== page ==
Wednesday 2 November 2016

Oil at the Almeida, or, “It's Going To Get Worse”

The Almeida under Rupert Goold, like the National under Rufus Norris, has become a venue that I approach pessimistically. Sadly this was another occasion when that pessimism proved all too justified.

This new play by Ella Hickson is, as the title makes obvious, about oil. It starts in Cornwall in the late nineteenth century when a random American turns up to bring kerosene to a squabbling, struggling farming family and ends sometime in the mid 21st century with a Chinese company discovering cold fusion and mining the moon. In between we visit pre-World War One Persia, 1970s London and 2021 Iraq. In theory these disparate locations are bound together by the two central characters of mother May (Anne-Marie Duff) and daughter Amy (Yolanda Kettle) but there's a problem. You may ask how it is that May, already pregnant in Scene 1, is still alive and looking not much older in Scene 5. The play makes absolutely no attempt to answer this question, or to provide any substitute scenario to explain who Duff and Kettle are playing in different scenes if it is not the same May/Amy. The result, by the time we reached Scenes 4 and 5, was to render the relationship, as far as I was concerned, hopelessly unbelievable.

This might have mattered less if the play showed any interest in giving depth to any of the other characters. But most of them last barely more than a scene and are often thinly drawn almost to the point of caricature. They also suffer from the fact that too often their behaviour seems locked into the structure of the play rather than being what such a character might believably do in a particular situation. A key instance of this is May ordering Amy's boyfriend from the house in Scene 3 - that the script allows neither him nor Kettle to challenge a woman who by this point is coming across as frankly a little mad was pretty thoroughly unconvincing.

The play is further not helped by various bits of narration delivered through microphones to pulsing electronic beats. At the very beginning this seems to be done on the premise that we can't be expected to work out where we are without it – this actually had the effect of making me less willing to believe in the freezing Cornish farm than I think I might otherwise have been. Elsewhere I found these interjections weakly written and superfluous.

The text also suffers from a tendency to lecture. I learnt nothing new about the issues with our dependency on oil. To be fair the play does try to give us two perspectives at points through mother and daughter, but this is never allowed to develop into a meaningful debate. The characters on these occasions end up functioning as megaphones for two extreme positions shouting past each other – the play pretty completely fails to get at how and why these two, as individuals, have really got to those positions. Nor does it help that, in so far as we do know them as individuals, they are thoroughly unpleasant people in whom it became impossible to take emotional interest.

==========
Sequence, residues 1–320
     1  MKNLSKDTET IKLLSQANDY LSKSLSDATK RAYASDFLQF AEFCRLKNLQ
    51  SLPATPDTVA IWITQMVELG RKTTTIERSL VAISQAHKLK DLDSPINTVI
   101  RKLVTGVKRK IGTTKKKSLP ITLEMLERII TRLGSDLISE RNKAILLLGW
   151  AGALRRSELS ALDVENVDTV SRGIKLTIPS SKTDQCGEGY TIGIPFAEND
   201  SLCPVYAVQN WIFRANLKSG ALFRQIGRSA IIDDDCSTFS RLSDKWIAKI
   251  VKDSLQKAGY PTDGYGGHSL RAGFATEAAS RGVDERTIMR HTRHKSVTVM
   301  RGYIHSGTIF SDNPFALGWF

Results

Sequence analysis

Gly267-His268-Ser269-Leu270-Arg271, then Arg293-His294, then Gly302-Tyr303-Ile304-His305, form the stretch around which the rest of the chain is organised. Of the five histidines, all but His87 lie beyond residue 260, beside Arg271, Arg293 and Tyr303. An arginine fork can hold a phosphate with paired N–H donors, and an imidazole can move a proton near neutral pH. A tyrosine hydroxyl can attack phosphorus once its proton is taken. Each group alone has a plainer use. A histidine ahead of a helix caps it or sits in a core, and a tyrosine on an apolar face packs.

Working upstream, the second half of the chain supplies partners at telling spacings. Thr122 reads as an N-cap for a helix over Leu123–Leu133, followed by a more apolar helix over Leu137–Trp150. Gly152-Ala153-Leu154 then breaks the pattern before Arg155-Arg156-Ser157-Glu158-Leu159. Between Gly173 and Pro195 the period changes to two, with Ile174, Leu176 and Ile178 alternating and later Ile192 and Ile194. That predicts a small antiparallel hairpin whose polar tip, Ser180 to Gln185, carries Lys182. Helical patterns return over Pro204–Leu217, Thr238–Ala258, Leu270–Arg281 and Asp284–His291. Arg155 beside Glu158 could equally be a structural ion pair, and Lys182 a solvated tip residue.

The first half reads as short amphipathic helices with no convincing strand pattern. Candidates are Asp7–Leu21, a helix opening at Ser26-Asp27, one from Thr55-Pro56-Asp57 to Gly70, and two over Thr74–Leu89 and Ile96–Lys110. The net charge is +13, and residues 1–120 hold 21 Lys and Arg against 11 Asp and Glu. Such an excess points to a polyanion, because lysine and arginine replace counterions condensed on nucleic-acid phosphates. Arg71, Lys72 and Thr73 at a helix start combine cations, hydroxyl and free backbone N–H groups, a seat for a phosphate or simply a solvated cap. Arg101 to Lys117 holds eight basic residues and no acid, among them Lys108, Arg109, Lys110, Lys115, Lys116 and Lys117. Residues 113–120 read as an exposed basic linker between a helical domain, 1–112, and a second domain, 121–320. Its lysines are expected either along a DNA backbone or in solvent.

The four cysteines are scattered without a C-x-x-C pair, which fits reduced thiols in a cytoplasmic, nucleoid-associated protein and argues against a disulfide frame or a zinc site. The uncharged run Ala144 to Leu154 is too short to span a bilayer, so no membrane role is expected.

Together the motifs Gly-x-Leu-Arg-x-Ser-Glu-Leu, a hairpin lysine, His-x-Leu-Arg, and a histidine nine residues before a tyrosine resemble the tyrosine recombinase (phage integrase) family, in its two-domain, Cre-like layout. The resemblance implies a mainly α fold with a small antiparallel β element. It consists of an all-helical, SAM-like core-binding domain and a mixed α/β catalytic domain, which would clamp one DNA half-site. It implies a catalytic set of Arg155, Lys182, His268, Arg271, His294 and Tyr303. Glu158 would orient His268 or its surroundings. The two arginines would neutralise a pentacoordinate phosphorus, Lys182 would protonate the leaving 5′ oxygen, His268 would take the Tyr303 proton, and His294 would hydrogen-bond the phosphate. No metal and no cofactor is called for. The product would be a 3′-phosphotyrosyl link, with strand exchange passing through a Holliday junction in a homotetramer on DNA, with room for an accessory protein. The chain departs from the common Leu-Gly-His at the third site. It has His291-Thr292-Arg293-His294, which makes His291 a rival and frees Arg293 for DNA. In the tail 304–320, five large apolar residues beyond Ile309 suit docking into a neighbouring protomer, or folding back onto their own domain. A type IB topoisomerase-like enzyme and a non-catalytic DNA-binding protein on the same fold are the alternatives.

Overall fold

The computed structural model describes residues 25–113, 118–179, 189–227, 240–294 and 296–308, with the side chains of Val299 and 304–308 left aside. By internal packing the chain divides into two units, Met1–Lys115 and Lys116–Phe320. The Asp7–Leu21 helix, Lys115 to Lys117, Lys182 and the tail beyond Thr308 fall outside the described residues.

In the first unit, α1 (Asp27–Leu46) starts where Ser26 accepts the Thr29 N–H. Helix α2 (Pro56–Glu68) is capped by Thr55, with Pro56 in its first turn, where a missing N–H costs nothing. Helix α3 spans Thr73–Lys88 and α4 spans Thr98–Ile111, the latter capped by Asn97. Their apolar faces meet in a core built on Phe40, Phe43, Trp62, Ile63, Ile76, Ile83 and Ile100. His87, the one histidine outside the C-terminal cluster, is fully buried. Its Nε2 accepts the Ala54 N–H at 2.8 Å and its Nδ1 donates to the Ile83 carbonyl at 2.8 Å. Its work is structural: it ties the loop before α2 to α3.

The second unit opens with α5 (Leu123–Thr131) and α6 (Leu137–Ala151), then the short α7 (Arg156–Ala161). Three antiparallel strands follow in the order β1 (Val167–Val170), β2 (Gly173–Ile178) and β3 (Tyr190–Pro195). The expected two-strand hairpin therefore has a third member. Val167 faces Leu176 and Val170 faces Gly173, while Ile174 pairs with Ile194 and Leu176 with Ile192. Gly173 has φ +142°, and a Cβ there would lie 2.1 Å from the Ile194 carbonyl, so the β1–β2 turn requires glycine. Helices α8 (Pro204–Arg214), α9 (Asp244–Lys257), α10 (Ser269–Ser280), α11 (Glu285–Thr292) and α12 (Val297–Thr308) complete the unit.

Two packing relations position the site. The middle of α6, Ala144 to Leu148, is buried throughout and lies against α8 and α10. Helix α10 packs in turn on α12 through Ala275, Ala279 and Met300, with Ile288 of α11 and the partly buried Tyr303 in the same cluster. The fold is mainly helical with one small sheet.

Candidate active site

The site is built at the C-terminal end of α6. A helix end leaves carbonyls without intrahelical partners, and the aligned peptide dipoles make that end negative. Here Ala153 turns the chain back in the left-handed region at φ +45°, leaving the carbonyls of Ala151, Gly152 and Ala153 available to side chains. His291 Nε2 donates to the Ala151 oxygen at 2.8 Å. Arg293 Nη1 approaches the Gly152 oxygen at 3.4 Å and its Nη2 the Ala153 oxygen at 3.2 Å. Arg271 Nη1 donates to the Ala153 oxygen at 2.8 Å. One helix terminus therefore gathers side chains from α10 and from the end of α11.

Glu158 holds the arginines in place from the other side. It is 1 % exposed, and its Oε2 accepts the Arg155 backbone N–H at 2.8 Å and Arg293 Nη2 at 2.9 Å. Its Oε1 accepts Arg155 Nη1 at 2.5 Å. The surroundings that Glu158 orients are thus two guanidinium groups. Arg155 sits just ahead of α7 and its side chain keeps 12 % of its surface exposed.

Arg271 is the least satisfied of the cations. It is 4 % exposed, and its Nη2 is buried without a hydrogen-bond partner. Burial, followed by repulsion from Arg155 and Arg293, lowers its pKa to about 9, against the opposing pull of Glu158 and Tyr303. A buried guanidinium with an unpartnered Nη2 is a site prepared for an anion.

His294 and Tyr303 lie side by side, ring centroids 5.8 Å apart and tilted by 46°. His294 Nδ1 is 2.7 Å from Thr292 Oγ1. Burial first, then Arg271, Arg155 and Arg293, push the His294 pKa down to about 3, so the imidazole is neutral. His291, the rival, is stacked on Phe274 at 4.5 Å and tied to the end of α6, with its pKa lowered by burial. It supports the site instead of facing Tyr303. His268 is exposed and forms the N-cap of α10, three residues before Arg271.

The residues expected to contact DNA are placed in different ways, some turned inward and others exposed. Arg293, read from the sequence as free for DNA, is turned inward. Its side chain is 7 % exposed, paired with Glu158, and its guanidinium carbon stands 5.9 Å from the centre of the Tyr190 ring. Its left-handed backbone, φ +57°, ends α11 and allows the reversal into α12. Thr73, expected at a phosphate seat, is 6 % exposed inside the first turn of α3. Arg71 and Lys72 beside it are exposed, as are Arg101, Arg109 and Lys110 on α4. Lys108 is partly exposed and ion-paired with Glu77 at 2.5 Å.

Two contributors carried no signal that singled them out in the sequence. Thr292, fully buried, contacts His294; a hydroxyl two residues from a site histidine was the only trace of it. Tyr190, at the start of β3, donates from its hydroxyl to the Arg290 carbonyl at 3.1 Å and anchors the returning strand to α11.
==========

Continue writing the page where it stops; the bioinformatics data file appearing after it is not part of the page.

Finally the play has that wearily familiar problem of new work, the inability to know how to stop. First Amy leaves May in an obvious mirroring of the ending of Scene 1. Then the American from Scene 1 reappears and he and May do a line dance. Finally Amy comes back on and gives a speech about how we'll all regret things later which breaks off in mid-sentence. The last two elements should certainly have been cut.

The staging is not much help either. There's a great deal of busyness in set changes, drawing curtains, moving platforms – but, as I seem to be saying sadly often these days, Carrie Cracknell's direction rarely finds those moments of stillness and the small gesture that can be so powerful. There is what seems another current inevitability - reliance on bits of projection between scenes, images of oil refineries and western statesmen/soldiers just in case we haven't got points the text is already tediously hammering home. In another ineffective but currently "in" device Cracknell keeps performers hanging visibly around on the edge of the set prior to their entrances. As on other occasions I failed to see what purpose this was supposed to serve beyond a distraction from the action as one wonders why the others are hovering about like that. And, finally, taking a leaf out of many a flailing opera production, at the end of Scene 3 people start throwing the furniture about (in this case a Cornish ghost from Scene 1 who briefly reappears before sinking into the floor).

The poor cast stuck in this can do little to salvage it. I've been powerfully moved by Anne-Marie Duff on many other occasions but here I was neither moved by the character nor felt compelled to attend to her. Yolanda Kettle is at her best in the 1970s scene. Elsewhere she sadly can't manage the demands of the role - in particular her ageing doesn't get close to the power of a performance like Kate O'Flynn's in the National production of Simon Stephens's Port (though that is of course an infinitely superior play). The rest are given too little to work with to make much impression – though I would like to see Lara Sawalha in a bigger role.

This is, in short, a pretty dire evening. From where I've been sitting the Almeida has had a depressingly long run of poor to indifferent shows. Sooner or later no doubt the streak has to break, but this was yet another occasion when that failed to happen. To be avoided.

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